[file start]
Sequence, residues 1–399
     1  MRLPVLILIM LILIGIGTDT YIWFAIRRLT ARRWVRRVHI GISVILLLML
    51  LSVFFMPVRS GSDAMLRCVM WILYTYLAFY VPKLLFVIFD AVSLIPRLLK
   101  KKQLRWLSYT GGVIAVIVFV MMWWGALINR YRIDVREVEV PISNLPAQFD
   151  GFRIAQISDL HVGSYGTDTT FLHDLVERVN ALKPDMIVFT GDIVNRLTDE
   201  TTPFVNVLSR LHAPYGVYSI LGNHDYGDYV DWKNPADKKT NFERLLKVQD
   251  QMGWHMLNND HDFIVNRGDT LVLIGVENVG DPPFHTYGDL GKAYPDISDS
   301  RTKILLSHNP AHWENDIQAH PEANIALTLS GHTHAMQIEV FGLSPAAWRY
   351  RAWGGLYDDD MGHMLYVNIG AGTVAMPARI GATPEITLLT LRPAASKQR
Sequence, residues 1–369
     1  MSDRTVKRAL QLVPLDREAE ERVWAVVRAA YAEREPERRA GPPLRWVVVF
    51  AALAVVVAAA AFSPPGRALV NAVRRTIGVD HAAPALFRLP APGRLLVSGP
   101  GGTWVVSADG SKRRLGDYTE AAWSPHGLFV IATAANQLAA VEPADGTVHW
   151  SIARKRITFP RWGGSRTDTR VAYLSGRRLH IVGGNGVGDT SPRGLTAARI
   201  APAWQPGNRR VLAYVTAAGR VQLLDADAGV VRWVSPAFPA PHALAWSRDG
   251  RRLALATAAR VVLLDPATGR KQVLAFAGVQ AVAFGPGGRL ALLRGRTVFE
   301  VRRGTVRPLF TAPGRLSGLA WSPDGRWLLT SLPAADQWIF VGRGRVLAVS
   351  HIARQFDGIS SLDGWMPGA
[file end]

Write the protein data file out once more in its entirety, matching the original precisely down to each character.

Sequence, residues 1–399
     1  MRLPVLILIM LILIGIGTDT YIWFAIRRLT ARRWVRRVHI GISVILLLML
    51  LSVFFMPVRS GSDAMLRCVM WILYTYLAFY VPKLLFVIFD AVSLIPRLLK
   101  KKQLRWLSYT GGVIAVIVFV MMWWGALINR YRIDVREVEV PISNLPAQFD
   151  GFRIAQISDL HVGSYGTDTT FLHDLVERVN ALKPDMIVFT GDIVNRLTDE
   201  TTPFVNVLSR LHAPYGVYSI LGNHDYGDYV DWKNPADKKT NFERLLKVQD
   251  QMGWHMLNND HDFIVNRGDT LVLIGVENVG DPPFHTYGDL GKAYPDISDS
   301  RTKILLSHNP AHWENDIQAH PEANIALTLS GHTHAMQIEV FGLSPAAWRY
   351  RAWGGLYDDD MGHMLYVNIG AGTVAMPARI GATPEITLLT LRPAASKQR
Sequence, residues 1–369
     1  MSDRTVKRAL QLVPLDREAE ERVWAVVRAA YAEREPERRA GPPLRWVVVF
    51  AALAVVVAAA AFSPPGRALV NAVRRTIGVD HAAPALFRLP APGRLLVSGP
   101  GGTWVVSADG SKRRLGDYTE AAWSPHGLFV IATAANQLAA VEPADGTVHW
   151  SIARKRITFP RWGGSRTDTR VAYLSGRRLH IVGGNGVGDT SPRGLTAARI
   201  APAWQPGNRR VLAYVTAAGR VQLLDADAGV VRWVSPAFPA PHALAWSRDG
   251  RRLALATAAR VVLLDPATGR KQVLAFAGVQ AVAFGPGGRL ALLRGRTVFE
   301  VRRGTVRPLF TAPGRLSGLA WSPDGRWLLT SLPAADQWIF VGRGRVLAVS
   351  HIARQFDGIS SLDGWMPGA